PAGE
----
John Pierpont

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John Pierpont
John Pierpont by Mathew Brady.jpg
Photograph of Pierpont by Mathew Brady
Born(1785-04-06)April 6, 1785
DiedAugust 27, 1866(1866-08-27) (aged 81)
EducationHarvard College
Alma materYale College
Litchfield Law School
OccupationAttorney, merchant, minister, poet
Mary Sheldon Lord
(m. 1810; died 1855)
Harriet Campbell Fowler
(m. 1857)
Children6, including James
Parent(s)James Pierpont
Elizabeth Collins Pierpont
RelativesJohn Pierpont Morgan (grandson)
Signature of John Pierpont.png

John Pierpont (April 6, 1785 – August 27, 1866) was an American poet, who was also successively a teacher, lawyer, merchant, and Unitarian minister. His most famous poem is The Airs of Palestine. He was the grandfather of J.P. Morgan.

Early life[edit]

Born in 1785 in the South Farms section of Litchfield, Connecticut later incorporated as the town of Morris. He was the son of Elizabeth (née Collins) Pierpont and James Pierpont (1761–1840).[1]

He graduated in 1804 from Yale College, and later from Litchfield Law School.[2]


Simple portrait in pencil on cream colored paper of a young white man in minister's clothing. Caption at the bottom reads "Rev. John Pierpont: "Airs of Palestine."
John Pierpont in 1821 by Rembrandt Peale

In 1814 he started a dry goods business with his brother in-law, Joseph Lord, and lifelong friend, John Neal.[3] After a stint in debtor's prison as a result of the failure of the "Pierpont, Lord, and Neal" dry goods store chain in 1815, Pierpont sent his wife and children to live with her family in Connecticut, pawned the family silver, and isolated himself in Baltimore until he had produced The Airs of Palestine.[4] Sale of the copyright in 1816 paid for his move to Cambridge, Massachusetts.[5]

Pierpont began his religious work as a theology student in 1816, first in Baltimore and then at Harvard, afterwards accepting an appointment as pastor at the Hollis Street Church in Boston (1819-1845). During his tenure, Pierpont was instrumental in establishing Boston's English Classical School in 1821 and gained national recognition as an educator. He published two of the better-known early school readers in the United States, The American First Class Book (1823) and The National Reader (1827). However, Pierpont's latter years at the Hollis Street Church were characterized by controversy. His social activism for temperance and abolition angered some parishioners, and after a long public battle, he resigned in 1845.[6]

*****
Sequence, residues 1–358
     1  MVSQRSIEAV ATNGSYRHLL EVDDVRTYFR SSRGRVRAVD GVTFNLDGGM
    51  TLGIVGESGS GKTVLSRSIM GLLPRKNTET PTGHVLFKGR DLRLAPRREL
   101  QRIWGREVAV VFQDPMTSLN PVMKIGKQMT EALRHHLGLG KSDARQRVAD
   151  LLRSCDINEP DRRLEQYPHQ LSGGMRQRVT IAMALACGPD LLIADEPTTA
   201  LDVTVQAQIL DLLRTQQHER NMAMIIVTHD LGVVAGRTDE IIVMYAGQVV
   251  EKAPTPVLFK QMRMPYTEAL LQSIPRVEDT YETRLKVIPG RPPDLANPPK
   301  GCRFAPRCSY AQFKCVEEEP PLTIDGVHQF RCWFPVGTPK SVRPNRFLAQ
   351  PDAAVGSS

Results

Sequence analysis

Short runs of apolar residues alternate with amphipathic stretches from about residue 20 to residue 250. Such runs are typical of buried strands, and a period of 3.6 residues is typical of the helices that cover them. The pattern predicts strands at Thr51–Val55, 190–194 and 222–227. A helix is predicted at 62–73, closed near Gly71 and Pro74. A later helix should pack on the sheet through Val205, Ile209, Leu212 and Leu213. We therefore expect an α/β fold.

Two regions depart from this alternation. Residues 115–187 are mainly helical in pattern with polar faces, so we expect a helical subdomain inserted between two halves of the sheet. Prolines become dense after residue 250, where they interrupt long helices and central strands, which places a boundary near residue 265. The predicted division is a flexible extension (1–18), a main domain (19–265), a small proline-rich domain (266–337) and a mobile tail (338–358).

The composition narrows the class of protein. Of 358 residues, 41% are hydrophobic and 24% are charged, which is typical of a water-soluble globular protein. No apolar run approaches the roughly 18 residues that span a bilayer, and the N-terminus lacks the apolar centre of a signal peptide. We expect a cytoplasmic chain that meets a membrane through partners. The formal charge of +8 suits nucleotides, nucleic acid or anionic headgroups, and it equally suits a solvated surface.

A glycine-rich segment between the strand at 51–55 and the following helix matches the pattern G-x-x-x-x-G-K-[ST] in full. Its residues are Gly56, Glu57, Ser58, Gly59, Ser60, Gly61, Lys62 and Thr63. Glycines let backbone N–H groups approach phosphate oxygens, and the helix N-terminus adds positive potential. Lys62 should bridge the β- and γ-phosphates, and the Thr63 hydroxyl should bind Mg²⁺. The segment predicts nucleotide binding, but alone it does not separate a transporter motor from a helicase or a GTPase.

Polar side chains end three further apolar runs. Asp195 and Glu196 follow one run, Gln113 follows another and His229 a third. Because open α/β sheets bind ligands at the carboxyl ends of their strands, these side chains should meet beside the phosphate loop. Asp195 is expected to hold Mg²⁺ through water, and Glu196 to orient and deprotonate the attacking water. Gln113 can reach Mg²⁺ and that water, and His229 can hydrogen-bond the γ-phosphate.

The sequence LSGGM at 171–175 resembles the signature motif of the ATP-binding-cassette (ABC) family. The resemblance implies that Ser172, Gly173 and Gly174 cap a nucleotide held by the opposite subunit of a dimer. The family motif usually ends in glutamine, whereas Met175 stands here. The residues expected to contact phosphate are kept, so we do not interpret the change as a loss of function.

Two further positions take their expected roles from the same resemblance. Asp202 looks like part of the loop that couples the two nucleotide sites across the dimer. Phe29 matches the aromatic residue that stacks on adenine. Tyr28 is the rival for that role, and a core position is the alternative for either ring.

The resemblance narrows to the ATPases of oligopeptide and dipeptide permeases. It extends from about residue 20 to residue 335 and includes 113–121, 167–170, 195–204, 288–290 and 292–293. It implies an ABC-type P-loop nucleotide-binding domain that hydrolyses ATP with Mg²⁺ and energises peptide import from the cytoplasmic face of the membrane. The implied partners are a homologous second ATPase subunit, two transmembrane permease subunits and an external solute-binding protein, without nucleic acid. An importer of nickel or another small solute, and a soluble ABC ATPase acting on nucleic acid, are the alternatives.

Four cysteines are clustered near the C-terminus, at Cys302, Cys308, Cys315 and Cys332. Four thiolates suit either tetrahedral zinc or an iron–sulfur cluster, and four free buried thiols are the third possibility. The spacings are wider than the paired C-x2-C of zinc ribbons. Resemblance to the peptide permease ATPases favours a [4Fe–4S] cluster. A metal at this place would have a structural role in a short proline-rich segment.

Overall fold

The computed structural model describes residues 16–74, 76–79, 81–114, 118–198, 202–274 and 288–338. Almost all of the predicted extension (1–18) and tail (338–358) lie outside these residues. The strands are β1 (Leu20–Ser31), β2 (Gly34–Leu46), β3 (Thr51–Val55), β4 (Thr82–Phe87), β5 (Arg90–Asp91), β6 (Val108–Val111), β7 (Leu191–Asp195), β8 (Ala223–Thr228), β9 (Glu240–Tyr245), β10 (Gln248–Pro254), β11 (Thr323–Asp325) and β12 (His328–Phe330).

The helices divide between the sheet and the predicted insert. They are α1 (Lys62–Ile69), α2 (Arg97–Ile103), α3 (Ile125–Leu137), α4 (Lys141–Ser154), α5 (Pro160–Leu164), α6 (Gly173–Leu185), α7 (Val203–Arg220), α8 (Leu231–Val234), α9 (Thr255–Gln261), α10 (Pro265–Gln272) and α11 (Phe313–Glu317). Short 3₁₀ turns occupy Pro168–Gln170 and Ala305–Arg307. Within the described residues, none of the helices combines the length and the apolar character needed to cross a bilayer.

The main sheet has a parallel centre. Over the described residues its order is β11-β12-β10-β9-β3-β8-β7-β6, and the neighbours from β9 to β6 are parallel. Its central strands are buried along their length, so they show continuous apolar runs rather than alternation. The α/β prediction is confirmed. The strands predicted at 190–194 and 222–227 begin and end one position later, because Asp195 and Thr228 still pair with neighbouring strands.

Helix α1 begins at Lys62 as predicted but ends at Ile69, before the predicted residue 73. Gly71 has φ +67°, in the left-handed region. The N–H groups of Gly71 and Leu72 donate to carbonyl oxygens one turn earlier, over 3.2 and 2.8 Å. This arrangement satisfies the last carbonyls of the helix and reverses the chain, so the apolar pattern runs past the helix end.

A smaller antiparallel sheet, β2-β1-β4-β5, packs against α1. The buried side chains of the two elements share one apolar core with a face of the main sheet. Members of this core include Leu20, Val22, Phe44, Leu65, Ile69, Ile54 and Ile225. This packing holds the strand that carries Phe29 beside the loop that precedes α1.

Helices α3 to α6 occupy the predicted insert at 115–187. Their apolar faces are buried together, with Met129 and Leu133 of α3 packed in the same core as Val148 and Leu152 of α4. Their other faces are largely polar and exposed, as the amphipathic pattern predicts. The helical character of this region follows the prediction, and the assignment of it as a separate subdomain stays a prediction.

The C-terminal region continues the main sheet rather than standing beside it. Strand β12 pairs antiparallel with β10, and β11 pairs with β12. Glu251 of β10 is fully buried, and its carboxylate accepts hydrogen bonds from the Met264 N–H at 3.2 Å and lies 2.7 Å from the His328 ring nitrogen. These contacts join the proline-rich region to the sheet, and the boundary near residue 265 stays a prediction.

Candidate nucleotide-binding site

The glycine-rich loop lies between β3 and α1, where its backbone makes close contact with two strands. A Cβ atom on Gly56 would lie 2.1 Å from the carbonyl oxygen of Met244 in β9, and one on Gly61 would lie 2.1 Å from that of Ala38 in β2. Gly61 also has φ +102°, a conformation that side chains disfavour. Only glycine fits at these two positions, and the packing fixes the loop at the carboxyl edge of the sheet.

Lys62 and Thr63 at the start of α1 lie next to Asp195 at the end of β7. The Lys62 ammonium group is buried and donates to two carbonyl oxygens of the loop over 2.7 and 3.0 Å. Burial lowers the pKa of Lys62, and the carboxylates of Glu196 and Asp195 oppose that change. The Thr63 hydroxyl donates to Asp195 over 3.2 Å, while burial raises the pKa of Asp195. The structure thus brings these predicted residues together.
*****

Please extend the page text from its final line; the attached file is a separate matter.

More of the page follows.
After his resignation, Pierpont served as pastor of a Unitarian church in Troy, New York from 1845 to 1849, and then led the First Parish Church (Unitarian), Medford, Massachusetts from 1849 to 1856. He ran for Massachusetts governor during the 1840s as a Liberty Party candidate, and in 1850 as a Free Soil Party candidate for the U.S. House of Representatives. After two weeks' service as a 76-year-old military chaplain with the 22nd Massachusetts Volunteer Infantry during the Civil War, Pierpont was given an appointment in the Treasury Department in Washington, which he held from 1861 until his death.

Literary works[edit]

Color oil painting of the bust of a young white man with light brown short wavy hair and a plain countenance, looking at the viewer. The raised color of a white shirt is visible beneath a dark jacket and cloak. He stands before a plain brown-green background.
Pierpont's lifelong friend, John Neal

Pierpont gained a literary reputation with his book Airs of Palestine: A Poem (1816), re-published in an anthology by the same name in 1840. He also published moral literature, such as Cold Water Melodies and Washingtonian Songster (comp. 1842). In addition, he is probably the anonymous "gentleman" who co-authored The Drunkard; or, The Fallen Saved (1844), attributed to W. H. Smith, an actor and stage manager at Moses Kimball's Boston Museum (theatre). The Drunkard quickly became one of the most popular temperance plays in America.

Pierpont's many published sermons include, among others, The Burning of the Ephesian Letters (1833), Jesus Christ Not a Literal Sacrifice (1834), New Heavens and a New Earth (1837), Moral Rule of Political Action (1839), National Humiliation (1840), and A Discourse on the Covenant with Judas (1842). With publication of Phrenology and the Scriptures (1850), Pierpont became known not only as a reform lecturer, but also as an expert on phrenology and spiritualism.